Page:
Gas-powered lawnmowers are driven by combustion engines similar in all ways to those that power motor vehicles. The term "compression" refers to the pressure that builds up inside the piston chamber, as a combination of fuel and air is squeezed, and a spark is applied. The ensuing explosion drives the piston outward, and causes the crankshaft to spin. A loss of compression may result when the pistons are worn, the seals around your pistons are worn, or a push rod has become bent or broken.
Locate the ignition wire that runs from your spark plug to your distributor. Remove the plug end of the wire from its seat atop the spark plug, by grasping it firmly at the base and pulling. Try turning the spark plug by hand. If the plug is loose, compression can be leaking through the hole it is creating. Use your ratchet set to tighten the spark plug completely, then try starting the engine again.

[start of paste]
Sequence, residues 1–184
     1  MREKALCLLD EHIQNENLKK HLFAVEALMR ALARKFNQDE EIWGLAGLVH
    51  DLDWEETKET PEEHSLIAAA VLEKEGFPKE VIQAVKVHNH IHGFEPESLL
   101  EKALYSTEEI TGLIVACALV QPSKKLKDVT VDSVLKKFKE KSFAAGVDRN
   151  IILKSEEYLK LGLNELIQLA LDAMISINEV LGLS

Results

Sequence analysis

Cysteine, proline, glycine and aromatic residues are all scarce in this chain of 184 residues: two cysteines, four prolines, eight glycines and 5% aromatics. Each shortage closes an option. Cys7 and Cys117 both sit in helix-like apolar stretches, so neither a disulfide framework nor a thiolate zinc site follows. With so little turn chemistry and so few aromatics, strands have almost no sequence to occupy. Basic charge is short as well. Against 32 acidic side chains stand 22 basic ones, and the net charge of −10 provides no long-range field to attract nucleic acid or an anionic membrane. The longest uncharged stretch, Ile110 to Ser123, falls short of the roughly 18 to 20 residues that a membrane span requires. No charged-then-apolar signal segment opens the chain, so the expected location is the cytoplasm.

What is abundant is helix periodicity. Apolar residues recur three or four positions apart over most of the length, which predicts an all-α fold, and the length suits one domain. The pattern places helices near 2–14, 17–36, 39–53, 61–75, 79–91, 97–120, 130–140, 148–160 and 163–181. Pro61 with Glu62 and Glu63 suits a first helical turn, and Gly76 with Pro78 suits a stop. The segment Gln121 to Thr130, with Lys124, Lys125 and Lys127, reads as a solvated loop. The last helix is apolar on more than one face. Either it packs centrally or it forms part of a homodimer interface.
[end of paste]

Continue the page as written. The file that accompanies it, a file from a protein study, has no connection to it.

Video of the Day
Inspect the bolts that hold the top of your cylinder head in place. The cylinder head bolts are typically set around the outer edge of the head. If these bolts have loosened, they can allow compression to leak out from the cylinder. Use your ratchet set to tighten any loose bolts, and start the engine again.
Remove the cylinder head cover and inspect the push rods and valve lifters for broken parts or bends. If any of these parts has been damaged, it can prevent a tight seal from forming within the cylinder. This faulty seal lowers compression. If there are any broken or damaged parts, they must be replaced.
Determine whether worn valves or worn piston rings are the cause of your low compression. Remove the spark plug, and pour a cap full of W30 motor oil into the top of the open cylinder. Place your compression tester over the spark plug hole. Disconnect the ignition coil, and locate the crankshaft at the front of the engine.
Use your wrench to grasp and turn the crankshaft with your tester in place. Read the tester gauge, and compare the results to the normal compression range as stated by your lawnmower manufacturer. If the oil solves the compression problem, the problem is in the rings. If it does not, the problem may lie with a worn valve.